Epworth Geelong: The massive, solitary seven-storey structure rising from a paddock at the edge of town presents a powerful silhouette at night. Interspersed by bright, retina-tingling lights that have beamed out from a mass of cranes, metal, glass and sandstone during the past two years’ construction, the impact is striking.
It’s a little other-worldly.
Looking out from its rooftop, across suburbia to the northeast, the sea to the south and great swathes of green into the western distance, it seems the spanking new Epworth hospital at Waurn Ponds is emblematic of the future.
The quarter-billion-dollar hospital, with its first stage due to open in July, stands apart – not just physically or geographically but from health, education and innovation perspectives. It’s been a long time coming, but Epworth Geelong could be about to change the entire status of Geelong as a regional city.
Infrastructure, as bureaucrats love to remind us, is critical to any city’s economic and social prospects. In Geelong’s case, road, rail, university, industrial, CBD, public service and other upgrades of recent years have been driving its transition from a heavy manufacturing city to a more diversified research, education, health and services-driven economy.
The gleaming behemoth emerging from the 10-hectare Pigdons Road field, just a stone’s throw from Deakin University, stands to be a game-changer.
For one thing, it brings a huge health resource that broadens the region’s attractiveness to new residents and business investors keen to lure quality employees to the region. But its education aspect, with Deakin’s medical school, brings a new level of top-end teaching which, coupled with cutting-edge research across numerous fronts, enhances Geelong’s growing reputation as a smart city.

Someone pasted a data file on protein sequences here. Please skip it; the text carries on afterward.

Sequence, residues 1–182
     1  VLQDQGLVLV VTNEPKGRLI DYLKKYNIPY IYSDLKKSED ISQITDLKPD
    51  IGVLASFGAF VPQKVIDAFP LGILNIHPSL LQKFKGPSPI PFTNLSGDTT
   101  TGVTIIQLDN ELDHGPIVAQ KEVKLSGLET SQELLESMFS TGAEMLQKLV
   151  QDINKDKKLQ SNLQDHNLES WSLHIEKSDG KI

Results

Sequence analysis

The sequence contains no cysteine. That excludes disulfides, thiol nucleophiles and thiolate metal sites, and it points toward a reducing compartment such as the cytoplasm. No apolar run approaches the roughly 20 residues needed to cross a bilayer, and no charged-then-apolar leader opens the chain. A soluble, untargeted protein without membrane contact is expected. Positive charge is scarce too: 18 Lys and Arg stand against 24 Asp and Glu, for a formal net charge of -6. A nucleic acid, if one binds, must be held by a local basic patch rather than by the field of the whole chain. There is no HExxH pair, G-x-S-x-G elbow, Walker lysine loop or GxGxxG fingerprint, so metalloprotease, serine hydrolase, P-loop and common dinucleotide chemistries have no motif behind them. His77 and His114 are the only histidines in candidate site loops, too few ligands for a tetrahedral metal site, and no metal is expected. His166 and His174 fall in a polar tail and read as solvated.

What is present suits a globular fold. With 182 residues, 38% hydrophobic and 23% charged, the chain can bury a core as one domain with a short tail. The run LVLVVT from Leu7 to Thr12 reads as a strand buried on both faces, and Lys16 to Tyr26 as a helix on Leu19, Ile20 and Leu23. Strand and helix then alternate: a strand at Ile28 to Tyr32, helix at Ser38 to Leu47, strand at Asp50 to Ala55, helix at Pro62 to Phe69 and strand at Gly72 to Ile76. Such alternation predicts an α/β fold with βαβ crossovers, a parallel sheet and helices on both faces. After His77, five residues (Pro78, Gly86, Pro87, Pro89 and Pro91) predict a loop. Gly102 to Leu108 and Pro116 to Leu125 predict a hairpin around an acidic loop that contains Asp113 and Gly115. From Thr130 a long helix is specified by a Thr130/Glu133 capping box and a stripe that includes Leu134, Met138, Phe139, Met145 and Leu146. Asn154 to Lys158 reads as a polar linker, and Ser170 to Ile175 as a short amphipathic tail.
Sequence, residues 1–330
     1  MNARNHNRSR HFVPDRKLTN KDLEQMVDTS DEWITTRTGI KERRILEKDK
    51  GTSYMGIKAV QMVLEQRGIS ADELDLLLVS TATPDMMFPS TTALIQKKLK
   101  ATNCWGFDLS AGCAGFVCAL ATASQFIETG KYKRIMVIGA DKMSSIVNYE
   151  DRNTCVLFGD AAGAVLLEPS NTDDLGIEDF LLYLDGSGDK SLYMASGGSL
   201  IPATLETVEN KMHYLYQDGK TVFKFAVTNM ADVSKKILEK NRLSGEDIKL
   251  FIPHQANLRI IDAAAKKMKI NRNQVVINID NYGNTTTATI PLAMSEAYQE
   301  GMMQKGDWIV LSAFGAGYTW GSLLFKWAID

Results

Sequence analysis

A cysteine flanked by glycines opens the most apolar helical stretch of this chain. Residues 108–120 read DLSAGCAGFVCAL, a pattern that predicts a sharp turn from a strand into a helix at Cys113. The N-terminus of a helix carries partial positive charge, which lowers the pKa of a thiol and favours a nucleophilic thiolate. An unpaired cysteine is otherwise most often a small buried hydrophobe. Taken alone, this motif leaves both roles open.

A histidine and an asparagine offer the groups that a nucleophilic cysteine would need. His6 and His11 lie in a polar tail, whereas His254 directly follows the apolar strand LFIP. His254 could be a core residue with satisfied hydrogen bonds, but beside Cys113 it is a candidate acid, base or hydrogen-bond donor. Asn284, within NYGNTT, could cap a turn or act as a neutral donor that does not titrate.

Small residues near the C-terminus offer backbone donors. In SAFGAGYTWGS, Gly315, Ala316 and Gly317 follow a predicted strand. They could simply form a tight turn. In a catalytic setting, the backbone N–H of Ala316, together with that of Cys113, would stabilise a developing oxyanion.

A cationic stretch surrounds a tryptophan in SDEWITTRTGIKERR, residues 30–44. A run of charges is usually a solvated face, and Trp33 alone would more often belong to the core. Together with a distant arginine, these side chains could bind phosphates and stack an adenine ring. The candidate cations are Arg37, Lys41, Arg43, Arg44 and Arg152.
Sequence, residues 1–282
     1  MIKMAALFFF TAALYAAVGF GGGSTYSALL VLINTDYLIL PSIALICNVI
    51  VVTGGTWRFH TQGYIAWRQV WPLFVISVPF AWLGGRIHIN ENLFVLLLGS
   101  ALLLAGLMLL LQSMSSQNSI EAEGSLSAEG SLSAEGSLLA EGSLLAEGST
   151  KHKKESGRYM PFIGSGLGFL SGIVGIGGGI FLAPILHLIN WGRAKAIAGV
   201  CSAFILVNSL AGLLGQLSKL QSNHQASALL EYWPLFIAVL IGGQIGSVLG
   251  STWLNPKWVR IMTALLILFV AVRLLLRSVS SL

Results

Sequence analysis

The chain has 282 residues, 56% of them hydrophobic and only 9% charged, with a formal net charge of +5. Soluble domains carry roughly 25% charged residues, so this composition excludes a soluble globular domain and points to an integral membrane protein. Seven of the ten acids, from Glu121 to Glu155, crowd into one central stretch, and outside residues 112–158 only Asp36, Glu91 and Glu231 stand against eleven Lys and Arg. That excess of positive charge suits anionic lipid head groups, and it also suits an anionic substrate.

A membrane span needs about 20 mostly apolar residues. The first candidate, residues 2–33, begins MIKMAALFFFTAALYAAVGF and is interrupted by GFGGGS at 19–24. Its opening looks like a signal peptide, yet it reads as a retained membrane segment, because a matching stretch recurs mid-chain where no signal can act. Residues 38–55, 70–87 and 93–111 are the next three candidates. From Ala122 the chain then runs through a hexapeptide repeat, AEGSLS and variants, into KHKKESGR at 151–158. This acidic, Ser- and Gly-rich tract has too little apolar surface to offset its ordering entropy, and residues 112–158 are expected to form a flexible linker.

First and foremost, though, Epworth Geelong will be a state-of-the-art, working hospital with medical, surgical, maternity and rehab beds – 172 in the first stage, rising to 262 all up. This includes 12 intensive-care beds and eight special-care nursery cots, six birthing suites and eight complex-care units.
It will have 11 operating theatres, an emergency department with 20 treatment spaces, consulting suites, a clinical education and simulation precinct, pharmacy, pathology and medical imaging. All that plus more than 400 workers – 700 eventually – providing private and public medical services.
It’s a big, sophisticated enterprise and, as neurosurgeon Nick Hall says, it’s one that will save a great many lives, notably through the synergies of the neurosurgery unit and facilities that he will head up, and its emergency department.
“Having an emergency department means that, for the first time in this region, neurosurgical emergencies such as brain haemorrhage and trauma can be dealt with expediently,” he says.
“Previously, after diagnosis, critically ill patients had to be transferred to Melbourne, which even via air ambulance may take several hours. As you can appreciate, for a critically ill patient this may mean the difference between life and death or a terrible neurological outcome.
“We have the most up-to-date diagnostic imaging equipment. In the theatre, the hospital has invested in a robotic 3D imaging system from Siemens called the Artis zeego. This, combined with fully radiolucent operating tables from Maquet and 3D spinal navigation systems from Stryker, allow minimally invasive navigation along the whole spine ensuring the placement of rods, screws and cages with high levels of accuracy and small incisions.
“This cutting-edge technology makes spinal fusion procedures for patients faster, safer and quicker to recover from. The hospital has also invested in cutting-edge cranial navigation systems as well as the best microscopes and other equipment.”